by Adrian Prandle
As rival leadership campaign activists settle back into normal routine and the commentariat gets back into the groove of marking PMQs performances, Ed Miliband faces the job of leading Labour.
There are reasons for optimism: encouraging opinion polling, the shadow chancellor’s assured response to the CSR announcement, growing confidence, and no disasters worse than a leaked briefing. The party can be fairly happy with a stable month.
But let’s not forget the scale of the task facing Ed. It is the responsibility of party members to remind him of all aspects of the job with which he has been entrusted. Leadership (of this party, at this moment in time particularly) is more than just PMQs. The diversity of challenges right here, right now doesn’t allow for the eye to be taken off the ball; and our leader must be many things at once. From being a respected, popular and credible figurehead, to being the driver and organiser of a passionate, innovative and exciting campaigning force, to developing policy that can be understood and that will change lives.
At the recent launch of the latest young fabian pamphlet, The New Generation, Douglas Alexander insisted we “don’t underestimate the scale of contribution thinkers, activists and participants can make to our collective future.” It is in uniting these different ways of contributing to the party that Ed can turn Labour fortunes around.
Douglas pointed to the sense of unity in the party, and the leader’s instinct for inclusivity. Looking externally, it is the community inclusivity which I first wrote about after leading the Labour staff network and young fabian delegation to Obama’s campaign, and which in The New Generation, Jessica Studdert argues CLPs should make a top priority.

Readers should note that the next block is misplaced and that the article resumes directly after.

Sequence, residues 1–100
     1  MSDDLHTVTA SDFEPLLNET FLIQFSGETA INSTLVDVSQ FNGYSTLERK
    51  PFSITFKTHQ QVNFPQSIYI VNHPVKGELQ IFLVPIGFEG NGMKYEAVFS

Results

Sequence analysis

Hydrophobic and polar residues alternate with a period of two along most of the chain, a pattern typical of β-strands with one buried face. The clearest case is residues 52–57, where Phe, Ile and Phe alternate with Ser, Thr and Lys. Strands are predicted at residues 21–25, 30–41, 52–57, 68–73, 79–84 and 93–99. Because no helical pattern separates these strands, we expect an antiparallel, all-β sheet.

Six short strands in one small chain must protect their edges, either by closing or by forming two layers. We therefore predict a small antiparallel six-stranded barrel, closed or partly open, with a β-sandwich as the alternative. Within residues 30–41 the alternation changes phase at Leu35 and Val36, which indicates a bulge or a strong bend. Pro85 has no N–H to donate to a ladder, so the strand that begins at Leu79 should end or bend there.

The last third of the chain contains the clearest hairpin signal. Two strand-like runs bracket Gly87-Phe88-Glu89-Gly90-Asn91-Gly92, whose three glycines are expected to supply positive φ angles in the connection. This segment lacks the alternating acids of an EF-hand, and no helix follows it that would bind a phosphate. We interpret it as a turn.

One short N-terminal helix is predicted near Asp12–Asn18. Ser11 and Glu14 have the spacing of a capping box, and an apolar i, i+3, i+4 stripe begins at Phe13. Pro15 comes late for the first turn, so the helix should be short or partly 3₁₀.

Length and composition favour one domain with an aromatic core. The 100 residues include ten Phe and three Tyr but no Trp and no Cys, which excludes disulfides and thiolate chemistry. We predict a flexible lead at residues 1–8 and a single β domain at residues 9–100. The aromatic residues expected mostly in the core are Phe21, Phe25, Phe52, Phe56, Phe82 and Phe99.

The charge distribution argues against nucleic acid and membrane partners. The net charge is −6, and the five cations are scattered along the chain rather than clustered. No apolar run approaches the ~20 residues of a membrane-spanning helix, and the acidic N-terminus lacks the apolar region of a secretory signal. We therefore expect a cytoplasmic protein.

But internally, it means eradicating divisions, be it the left-right factions at grassroots level, or new Blair-Brown style camps in the PLP. And it means recognising the importance of a diversity of talents and interests in our membership. It will get us nowhere talking of leaflet Labour and looking down on others. We need ideas as much as we need foot soldiers to deliver them. We need a plurality of talents and the leader’s challenge is to develop the ways the party can capitalise upon such talents for the cause.
We must put pressure on Ed to do this. It means organising and campaigning in a different way. It involves an accessible policy-making process that connects politicians, public and party members. It requires every one of us to take responsibility. It needs thinkers, activists, and participants. And it needs an exceptional leader; a really cool cat – a gentleman, scholar, and an acrobat.
Adrian Prandle is vice chair of the young fabians and editor of The New Generation. The young fabians’ fiftieth anniversary pamphlet can be downloaded here.